An Israeli missile turned a day of joy for the family of 60-year-old Naama Abu Qaida and her 11-year-old granddaughter Hanin into horror this week.
During the attack that Israel launched against Gaza on 5 August, the Israeli army shelled the car the Abu Qaida family had decorated for the wedding of her son Akram and which held Naama and Hanin.
They were among the 49 Palestinians killed in the course of 170 Israeli bombing raids on Gaza in the course of just three days.
Naama’s husband, Mohamed Abu Qaida, said there was no rational justification for Israeli targeting where the family lived in Beit Hanun in northern Gaza.
The latest Israeli operation, reportedly “pinpointing” key leaders and infrastructure of the Palestinian Islamic Jihad (PIJ), concluded with an Egyptian-brokered ceasefire.
As part of the deal, Egypt has pledged to work for the release of two Palestinian prisoners, Khalil Awawdeh, who has been on a hunger strike for over 150 days, and Sheikh Bassam Al-Saadi, a PIJ leader based in the West Bank.
Although it has managed to resolve some matters related to the status of the prisoners, Israel has so far refused to release either. The longer it does so, the greater the chances the ceasefire will break down.
When the Israeli operation began, Naama Abu Qaida decided to reduce the wedding festivities she had planned for her son, her husband told Al-Ahram Weekly.
But “an Israeli missile killed her in the car that was meant to escort the bride to our son’s home,” Mohamed said. “Hanin was also in the hospital for several days. The doctors said amputating her leg might help to save her life. But she died before we were able to transfer her to a hospital outside Gaza.”
Rahaf Salman, 11, was playing with her brother Mohamed and several other children in front of their house in the Jabaliya Refugee Camp in northern Gaza when several Israeli missiles struck.
Five children were killed, but amazingly Rahaf was not, even as doctors had to amputate both her feet and her right hand in order to save her life.
The Israeli authorities tried to escape the blame for the missile attacks, claiming that the playground was struck by PIJ missiles that fell short of their target and posting a video clip in an attempt to prove it.
It has since been established that the missiles in the video had been fired in a previous engagement and had nothing to do with the most-recent Israeli attack.
“When I heard the bombing,” her father said, I rushed out to the children who were playing near the house. I didn’t see Rahaf, so I rushed my son Mohamed to the hospital thinking that Rahaf was okay.”
However, he then learned that Rahaf was among wounded children taken to the Kamal Udwan Hospital in northern Gaza. His 11-year-old daughter had been so badly wounded that doctors had had to take her into surgery immediately and amputate her feet and right hand.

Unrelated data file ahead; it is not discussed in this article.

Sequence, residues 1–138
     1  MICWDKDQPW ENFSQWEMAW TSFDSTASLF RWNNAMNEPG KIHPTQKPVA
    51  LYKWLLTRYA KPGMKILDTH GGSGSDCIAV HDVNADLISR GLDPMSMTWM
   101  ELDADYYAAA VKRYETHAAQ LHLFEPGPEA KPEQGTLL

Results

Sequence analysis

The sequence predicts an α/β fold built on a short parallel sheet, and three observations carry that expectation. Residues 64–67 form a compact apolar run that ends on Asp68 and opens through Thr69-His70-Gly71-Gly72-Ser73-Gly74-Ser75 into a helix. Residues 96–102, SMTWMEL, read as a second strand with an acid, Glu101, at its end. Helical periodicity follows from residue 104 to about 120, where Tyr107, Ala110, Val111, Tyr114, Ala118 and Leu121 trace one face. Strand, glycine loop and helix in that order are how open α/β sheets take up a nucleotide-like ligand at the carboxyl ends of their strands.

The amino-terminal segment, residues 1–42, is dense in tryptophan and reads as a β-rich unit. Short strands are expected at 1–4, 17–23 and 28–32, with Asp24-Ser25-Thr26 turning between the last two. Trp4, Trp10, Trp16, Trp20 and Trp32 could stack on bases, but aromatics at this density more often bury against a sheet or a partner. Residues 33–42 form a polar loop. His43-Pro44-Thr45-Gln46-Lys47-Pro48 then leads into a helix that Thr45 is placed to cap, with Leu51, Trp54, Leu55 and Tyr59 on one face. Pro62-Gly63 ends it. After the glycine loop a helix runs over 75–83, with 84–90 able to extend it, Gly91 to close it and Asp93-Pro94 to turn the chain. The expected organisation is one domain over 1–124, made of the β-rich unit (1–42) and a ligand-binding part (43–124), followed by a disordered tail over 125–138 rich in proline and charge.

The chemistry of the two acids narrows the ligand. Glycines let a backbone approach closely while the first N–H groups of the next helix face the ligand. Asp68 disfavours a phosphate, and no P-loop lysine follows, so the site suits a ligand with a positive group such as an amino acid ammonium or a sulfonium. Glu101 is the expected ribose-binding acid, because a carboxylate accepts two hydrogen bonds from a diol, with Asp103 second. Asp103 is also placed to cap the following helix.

Even as the current round of Israeli strikes on Gaza has ended, the Palestinian suffering continues.
The Israeli strikes could also begin again at any moment without warning. Israel has been boasting of its last military “operation” as a low-cost military success that prevented the Palestinian group Hamas from becoming involved.
It believes that there is nothing to prevent it from launching another so-called “preemptive strike.”
The PIJ, which lost several of its high-ranking military leaders in the strikes, might feel compelled to start another confrontation, especially if Israel continues to refuse to release Awawdeh and Al-Saadi.
PIJ Politburo member Khaled Al-Batsh suggested as much when he told the Al-Quds radio station, one of the movement’s media outlets, that “we have to start preparing as of now for the next round of combat.”
Egyptian mediators have made some progress with regard to Awawdeh, as Israel has agreed to move him to a civilian hospital in view of his deteriorating health.
However, according to the Palestinian Commission on Detainees and Ex-Detainees Affairs, an Israeli court still refuses to approve his release or to issue a ruling that he has now served enough time in an Israeli prison owing to the last four-month administrative extension of his detention.
The commission has warned that Awawdeh could die suddenly because of his deteriorating health condition.
Last Thursday, an Israeli court also extended Al-Saadi’s detention, with the Israeli authorities broadcasting a video of him being taken to court to show that he was in stable health. Al-Saadi was wounded in the course of his arrest in Jenin earlier this month, and a UN team was sent to ascertain his welfare in the Israeli Ofer Prison.
According to Israeli assessments broadcast on Israeli state radio, the PIJ will not launch another attack against Israel in the near future because of the damage the organisation has sustained in the most recent confrontation.
The report said that the PIJ would not attempt to face Israel alone without Hamas. The latter has been cautious in its military calculations, not wanting to jeopardise the ease-up on the Israeli blockade that has allowed thousands of Palestinians to work in Israel.
*A version of this article appears in print in the 18 August, 2022 edition of Al-Ahram Weekly.